CBC News - NL
Capelin seining near Pinware River stokes concerns about salmon
By Lindsay Bird, CBC News Posted: Jul 07, 2016 9:01 PM NT
Businesses and conservationists alike are sounding the alarm about the amount of seining in Pinware Bay, close to the mouth of Pinware River in southern Labrador, just as its salmon migration reaches full swing.
"This is a very, very small bay. With the number of seiners that they have there, when they seine all together, they completely close the access to the river, to any fish," said Paul-Aimé Joncas, who owns the Lucky Strike Lodge, a fishing retreat upstream on the Pinware River.
Joncas said he's seen anywhere between three to 12 seiners in the bay at once, with vessels up to 100 feet long, fishing for capelin — the most he's seen in 40 years spent in southern Labrador.
"I'm sure they're not intending to take salmon, but there's a simple logic there: you should not interfere with the migration of salmon."
The Atlantic Salmon Federation, a non-profit conservation group, said it has been raising this issue for years.
"To have these seiners operating within a couple hundred yards of the mouth of these rivers at this time of the year is disgraceful," Don Ivany, the ASF's director in Newfoundland and Labrador, told CBC Radio's Labrador Morning.
"It should not be happening. Seiners are definitely going to intercept these fish, and if not, are certainly going to disturb those fish and probably prevent them or delay them from entering those rivers."
The Department of Fisheries and Oceans does have an area near the mouth of the river closed to all fishing activity, with signs up to inform people, and says it is actively monitoring the area.
"Fishery officers conducting patrols and at-sea observers have not observed any fishing activity inside the closed areas," the department wrote in a statement to CBC.
Concerns about the seiners accidentally catching salmon raised in 2015 were investigated, but DFO said no charges were laid.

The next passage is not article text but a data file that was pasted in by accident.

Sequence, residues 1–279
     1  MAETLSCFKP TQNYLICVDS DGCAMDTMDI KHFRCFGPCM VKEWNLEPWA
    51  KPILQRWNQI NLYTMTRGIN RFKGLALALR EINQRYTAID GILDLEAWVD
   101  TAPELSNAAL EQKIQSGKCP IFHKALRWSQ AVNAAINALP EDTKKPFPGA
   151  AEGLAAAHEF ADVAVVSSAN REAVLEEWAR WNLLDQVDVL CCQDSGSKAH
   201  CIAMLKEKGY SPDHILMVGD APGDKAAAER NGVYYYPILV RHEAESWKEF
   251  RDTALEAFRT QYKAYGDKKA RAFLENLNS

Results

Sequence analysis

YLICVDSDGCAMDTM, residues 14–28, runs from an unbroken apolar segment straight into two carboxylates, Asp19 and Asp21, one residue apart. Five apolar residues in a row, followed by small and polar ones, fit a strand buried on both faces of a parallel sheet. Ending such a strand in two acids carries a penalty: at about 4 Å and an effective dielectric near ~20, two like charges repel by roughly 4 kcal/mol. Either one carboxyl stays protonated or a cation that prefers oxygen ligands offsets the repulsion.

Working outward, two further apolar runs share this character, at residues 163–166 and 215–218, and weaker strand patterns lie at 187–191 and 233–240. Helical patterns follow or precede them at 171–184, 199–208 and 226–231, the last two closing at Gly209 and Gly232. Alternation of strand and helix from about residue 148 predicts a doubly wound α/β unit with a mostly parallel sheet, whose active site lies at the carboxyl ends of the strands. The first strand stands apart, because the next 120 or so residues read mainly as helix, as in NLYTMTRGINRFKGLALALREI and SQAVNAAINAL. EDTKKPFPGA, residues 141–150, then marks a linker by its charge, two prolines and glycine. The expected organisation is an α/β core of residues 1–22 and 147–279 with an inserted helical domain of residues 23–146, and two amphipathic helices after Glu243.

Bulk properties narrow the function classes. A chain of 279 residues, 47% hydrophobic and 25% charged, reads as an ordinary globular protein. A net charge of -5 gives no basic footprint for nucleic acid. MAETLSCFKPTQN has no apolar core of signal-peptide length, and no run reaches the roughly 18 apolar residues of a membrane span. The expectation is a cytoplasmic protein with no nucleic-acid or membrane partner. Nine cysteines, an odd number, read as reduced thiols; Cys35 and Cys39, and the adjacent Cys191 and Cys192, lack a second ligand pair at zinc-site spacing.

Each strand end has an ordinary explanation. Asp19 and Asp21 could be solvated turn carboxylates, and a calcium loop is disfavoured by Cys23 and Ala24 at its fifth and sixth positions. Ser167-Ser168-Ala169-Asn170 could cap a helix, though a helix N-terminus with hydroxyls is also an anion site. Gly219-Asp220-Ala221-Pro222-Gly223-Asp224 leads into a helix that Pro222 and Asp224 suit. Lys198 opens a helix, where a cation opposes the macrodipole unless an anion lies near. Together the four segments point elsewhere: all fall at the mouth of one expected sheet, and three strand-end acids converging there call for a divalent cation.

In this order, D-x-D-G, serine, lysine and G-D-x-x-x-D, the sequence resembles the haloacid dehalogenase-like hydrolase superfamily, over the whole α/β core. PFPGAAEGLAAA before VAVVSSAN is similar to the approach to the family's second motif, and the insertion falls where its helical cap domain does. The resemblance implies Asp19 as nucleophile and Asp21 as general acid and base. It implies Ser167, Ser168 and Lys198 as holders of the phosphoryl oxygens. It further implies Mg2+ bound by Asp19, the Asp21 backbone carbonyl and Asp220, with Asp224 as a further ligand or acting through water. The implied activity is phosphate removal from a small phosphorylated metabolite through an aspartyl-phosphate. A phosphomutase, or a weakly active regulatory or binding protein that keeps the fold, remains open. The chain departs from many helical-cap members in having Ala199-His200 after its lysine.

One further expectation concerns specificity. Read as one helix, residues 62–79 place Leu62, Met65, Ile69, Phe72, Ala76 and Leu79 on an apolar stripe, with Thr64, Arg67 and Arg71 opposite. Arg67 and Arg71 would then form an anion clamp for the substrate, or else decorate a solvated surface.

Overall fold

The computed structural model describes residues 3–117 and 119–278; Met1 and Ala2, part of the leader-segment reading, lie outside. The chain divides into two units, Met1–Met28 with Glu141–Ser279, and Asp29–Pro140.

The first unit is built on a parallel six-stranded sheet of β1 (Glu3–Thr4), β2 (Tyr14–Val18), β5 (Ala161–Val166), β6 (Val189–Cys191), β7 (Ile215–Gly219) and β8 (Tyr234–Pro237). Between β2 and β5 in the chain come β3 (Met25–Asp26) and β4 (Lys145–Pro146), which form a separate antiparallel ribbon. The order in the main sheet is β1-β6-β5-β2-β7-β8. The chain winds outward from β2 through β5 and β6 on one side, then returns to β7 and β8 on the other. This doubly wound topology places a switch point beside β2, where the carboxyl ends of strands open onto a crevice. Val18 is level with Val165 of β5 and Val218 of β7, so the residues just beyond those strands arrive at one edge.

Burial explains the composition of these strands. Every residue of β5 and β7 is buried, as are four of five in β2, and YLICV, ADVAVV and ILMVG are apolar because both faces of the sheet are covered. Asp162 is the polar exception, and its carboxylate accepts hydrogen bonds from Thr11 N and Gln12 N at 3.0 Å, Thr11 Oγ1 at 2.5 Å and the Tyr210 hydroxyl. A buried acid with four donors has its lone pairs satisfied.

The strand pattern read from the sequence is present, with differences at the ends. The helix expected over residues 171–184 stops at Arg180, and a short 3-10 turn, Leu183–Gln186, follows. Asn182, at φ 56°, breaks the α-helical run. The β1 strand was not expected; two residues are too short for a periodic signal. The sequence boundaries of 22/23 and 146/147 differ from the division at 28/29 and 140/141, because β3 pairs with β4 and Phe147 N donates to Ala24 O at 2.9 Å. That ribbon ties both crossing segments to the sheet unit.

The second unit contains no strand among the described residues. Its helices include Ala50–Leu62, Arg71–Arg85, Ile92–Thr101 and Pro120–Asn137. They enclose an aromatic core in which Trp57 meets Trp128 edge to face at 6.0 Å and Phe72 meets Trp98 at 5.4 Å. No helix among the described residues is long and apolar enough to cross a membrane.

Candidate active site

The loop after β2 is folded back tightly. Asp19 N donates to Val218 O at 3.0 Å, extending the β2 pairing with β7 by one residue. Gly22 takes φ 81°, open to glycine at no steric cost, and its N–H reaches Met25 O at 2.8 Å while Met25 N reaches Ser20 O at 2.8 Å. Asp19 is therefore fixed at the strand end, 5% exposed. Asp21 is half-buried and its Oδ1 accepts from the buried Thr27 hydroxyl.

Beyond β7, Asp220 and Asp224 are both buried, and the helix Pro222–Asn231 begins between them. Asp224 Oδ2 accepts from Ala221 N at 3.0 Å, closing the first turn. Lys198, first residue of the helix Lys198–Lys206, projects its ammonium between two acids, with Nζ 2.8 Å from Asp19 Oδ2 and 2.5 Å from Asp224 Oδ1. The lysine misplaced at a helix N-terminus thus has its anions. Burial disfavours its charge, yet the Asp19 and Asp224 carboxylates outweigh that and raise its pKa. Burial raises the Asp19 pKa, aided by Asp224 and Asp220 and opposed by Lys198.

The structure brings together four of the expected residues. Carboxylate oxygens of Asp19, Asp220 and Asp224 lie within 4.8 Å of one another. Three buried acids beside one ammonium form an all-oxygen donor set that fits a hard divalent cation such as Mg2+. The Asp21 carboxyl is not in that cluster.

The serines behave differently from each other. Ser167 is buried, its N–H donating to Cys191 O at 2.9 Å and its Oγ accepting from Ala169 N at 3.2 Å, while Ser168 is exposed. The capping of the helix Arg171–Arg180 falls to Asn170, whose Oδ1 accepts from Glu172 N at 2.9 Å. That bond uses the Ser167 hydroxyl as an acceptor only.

Ivany isn't surprised, and said the staff simply isn't there to provide adequate policing.
"There's very little enforcement activity in southern Labrador, There's been a lot of cutbacks within the DFO budget particularly in the enforcement division in recent years."
'Bewildered' by inaction
Ivany wants to see DFO take further steps against the seining activity.
"We can't blame the fishermen. The fishermen are doing what they do, they're trying to make a living and they're trying to catch fish... this really is a DFO issue," he said, adding the vessels should be regulated into giving salmon rivers a much wider berth at this time of year.
"That's something I think can be done with the stroke of a pen, and I'm bewildered as to why something hasn't been done sooner."
Joncas would like to see the restrictions go a step further, with no seining in the small bay at all.
"I think it should be forbidden to seine anywhere, from at least five to 10 kilometres from the mouth of any salmon river, in Labrador or in Canada," he told CBC Radio's Corner Brook Morning Show.
DFO said it has consulted with industry about extending the closed area at the river's mouth, and this proposal will be discussed at it's next meeting on the subject in March 2017, a timeline frustrating to both Joncas and Ivany.
"Our patience is running thin on this issue. Something needs to be done," said Ivany.